Over the course of these last few lessons, I have become more familiar with the reality of “world religions’’ and its origins. My understanding of the world religions category went from a very simple category of religions to a whole concept made by Europeans to categorize non-european worlds and cultures. This thinking created the “major religions” and this led to the way we exclude “minor religions” and how they are negatively affected by this system.
Wenger’s discussion on defining religion opened up a world for native cultures and traditions to be categorized as a religion. This can be seen in the example of the Pueblo peoples appeals for freedom; they used the western understanding of religious practices to justify the legality of their dances. This shows us even more how tied in religion and culture are.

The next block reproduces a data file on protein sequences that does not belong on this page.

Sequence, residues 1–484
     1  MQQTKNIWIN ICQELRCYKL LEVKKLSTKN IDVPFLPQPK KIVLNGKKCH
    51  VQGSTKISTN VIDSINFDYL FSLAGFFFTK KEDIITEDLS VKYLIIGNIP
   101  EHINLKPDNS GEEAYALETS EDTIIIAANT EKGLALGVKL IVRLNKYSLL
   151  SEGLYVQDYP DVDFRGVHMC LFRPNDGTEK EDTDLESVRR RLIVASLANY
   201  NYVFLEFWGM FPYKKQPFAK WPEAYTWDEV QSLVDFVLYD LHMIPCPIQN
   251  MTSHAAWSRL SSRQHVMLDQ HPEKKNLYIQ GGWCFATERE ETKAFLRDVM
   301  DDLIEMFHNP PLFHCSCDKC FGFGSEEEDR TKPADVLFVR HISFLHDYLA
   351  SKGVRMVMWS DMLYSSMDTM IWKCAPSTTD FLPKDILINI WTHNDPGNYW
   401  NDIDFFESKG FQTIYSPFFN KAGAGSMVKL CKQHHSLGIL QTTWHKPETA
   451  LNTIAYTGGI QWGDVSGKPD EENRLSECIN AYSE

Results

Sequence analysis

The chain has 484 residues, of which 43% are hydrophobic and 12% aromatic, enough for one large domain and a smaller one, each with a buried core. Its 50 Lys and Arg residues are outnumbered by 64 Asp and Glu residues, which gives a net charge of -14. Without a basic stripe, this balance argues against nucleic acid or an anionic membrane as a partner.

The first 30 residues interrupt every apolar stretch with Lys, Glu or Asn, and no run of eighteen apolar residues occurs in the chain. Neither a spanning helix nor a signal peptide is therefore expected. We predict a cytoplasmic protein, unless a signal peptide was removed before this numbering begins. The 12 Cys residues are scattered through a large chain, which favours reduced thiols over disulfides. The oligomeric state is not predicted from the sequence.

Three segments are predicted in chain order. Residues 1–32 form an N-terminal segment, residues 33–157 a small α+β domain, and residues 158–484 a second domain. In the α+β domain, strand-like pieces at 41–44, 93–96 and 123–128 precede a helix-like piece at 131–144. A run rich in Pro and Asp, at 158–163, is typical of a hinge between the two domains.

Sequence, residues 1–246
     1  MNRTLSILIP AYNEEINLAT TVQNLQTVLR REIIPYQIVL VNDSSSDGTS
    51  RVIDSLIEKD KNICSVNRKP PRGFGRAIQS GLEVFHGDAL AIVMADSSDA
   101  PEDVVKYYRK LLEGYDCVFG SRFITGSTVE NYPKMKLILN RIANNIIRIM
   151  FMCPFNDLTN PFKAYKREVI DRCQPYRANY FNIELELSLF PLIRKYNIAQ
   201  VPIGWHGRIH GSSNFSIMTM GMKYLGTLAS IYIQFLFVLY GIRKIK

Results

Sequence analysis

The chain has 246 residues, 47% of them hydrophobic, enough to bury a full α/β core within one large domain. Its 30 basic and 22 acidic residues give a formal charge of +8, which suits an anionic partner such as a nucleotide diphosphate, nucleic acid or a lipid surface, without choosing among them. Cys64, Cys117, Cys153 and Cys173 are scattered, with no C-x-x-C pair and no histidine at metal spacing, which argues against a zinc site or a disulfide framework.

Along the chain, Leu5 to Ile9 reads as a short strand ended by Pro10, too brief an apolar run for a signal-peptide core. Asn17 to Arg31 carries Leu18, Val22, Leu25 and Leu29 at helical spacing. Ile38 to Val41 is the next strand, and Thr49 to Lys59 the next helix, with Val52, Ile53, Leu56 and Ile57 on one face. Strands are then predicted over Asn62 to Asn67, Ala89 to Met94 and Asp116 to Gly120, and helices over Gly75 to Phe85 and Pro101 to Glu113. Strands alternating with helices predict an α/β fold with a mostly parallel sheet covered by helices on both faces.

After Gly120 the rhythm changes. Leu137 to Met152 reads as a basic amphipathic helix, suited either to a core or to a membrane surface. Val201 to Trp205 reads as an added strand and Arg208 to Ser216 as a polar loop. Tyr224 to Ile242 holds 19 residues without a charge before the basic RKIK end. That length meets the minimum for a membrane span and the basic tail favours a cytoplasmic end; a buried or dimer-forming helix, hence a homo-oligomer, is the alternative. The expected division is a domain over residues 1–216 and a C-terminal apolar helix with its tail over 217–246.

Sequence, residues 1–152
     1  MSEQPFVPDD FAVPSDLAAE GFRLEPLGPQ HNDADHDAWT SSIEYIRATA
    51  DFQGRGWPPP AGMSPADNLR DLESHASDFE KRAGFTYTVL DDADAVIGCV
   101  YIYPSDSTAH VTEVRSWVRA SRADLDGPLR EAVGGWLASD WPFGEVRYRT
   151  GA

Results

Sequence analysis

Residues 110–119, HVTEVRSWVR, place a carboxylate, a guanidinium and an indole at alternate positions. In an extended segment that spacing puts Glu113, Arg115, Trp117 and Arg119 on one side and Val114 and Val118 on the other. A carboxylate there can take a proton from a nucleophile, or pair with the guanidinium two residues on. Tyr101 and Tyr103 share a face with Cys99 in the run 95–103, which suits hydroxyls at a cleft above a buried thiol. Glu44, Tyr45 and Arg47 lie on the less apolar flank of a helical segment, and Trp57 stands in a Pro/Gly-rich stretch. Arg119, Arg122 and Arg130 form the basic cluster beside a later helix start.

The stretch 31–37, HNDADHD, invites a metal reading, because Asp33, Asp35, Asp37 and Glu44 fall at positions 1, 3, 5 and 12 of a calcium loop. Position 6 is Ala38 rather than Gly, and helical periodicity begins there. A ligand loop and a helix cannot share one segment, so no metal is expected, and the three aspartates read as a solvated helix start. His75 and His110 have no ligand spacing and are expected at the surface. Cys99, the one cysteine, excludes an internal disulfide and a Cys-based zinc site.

I was really amazed to see how more major social studies like sociology and economics came from trying to understand the “West”. Even more strange was the way we use “economics” to understand the west, but use “anthropology” to understand non-west countries and regions. The postcolonialism was a little harder to wrap my head around and would be open to talking about that much more with the class.